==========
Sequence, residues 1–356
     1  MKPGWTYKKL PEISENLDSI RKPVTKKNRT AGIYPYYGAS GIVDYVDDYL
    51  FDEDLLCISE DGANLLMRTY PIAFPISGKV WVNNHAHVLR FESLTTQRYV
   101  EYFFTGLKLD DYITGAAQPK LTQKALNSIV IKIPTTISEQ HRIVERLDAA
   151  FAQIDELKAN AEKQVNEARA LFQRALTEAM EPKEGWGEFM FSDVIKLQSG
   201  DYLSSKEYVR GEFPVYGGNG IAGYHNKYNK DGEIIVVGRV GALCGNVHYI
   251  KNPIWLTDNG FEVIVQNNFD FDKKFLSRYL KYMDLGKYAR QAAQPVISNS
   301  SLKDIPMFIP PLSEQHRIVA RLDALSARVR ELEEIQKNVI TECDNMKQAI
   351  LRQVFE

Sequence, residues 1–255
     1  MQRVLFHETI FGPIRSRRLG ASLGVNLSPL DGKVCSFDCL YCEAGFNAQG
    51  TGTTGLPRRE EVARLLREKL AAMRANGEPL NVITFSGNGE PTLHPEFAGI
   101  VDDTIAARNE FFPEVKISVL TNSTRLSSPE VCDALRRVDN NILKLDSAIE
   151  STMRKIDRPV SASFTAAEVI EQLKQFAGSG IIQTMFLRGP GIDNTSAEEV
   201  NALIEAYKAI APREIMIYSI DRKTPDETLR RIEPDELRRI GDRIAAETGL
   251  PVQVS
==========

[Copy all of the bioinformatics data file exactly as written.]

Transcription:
Sequence, residues 1–356
     1  MKPGWTYKKL PEISENLDSI RKPVTKKNRT AGIYPYYGAS GIVDYVDDYL
    51  FDEDLLCISE DGANLLMRTY PIAFPISGKV WVNNHAHVLR FESLTTQRYV
   101  EYFFTGLKLD DYITGAAQPK LTQKALNSIV IKIPTTISEQ HRIVERLDAA
   151  FAQIDELKAN AEKQVNEARA LFQRALTEAM EPKEGWGEFM FSDVIKLQSG
   201  DYLSSKEYVR GEFPVYGGNG IAGYHNKYNK DGEIIVVGRV GALCGNVHYI
   251  KNPIWLTDNG FEVIVQNNFD FDKKFLSRYL KYMDLGKYAR QAAQPVISNS
   301  SLKDIPMFIP PLSEQHRIVA RLDALSARVR ELEEIQKNVI TECDNMKQAI
   351  LRQVFE

Sequence, residues 1–255
     1  MQRVLFHETI FGPIRSRRLG ASLGVNLSPL DGKVCSFDCL YCEAGFNAQG
    51  TGTTGLPRRE EVARLLREKL AAMRANGEPL NVITFSGNGE PTLHPEFAGI
   101  VDDTIAARNE FFPEVKISVL TNSTRLSSPE VCDALRRVDN NILKLDSAIE
   151  STMRKIDRPV SASFTAAEVI EQLKQFAGSG IIQTMFLRGP GIDNTSAEEV
   201  NALIEAYKAI APREIMIYSI DRKTPDETLR RIEPDELRRI GDRIAAETGL
   251  PVQVS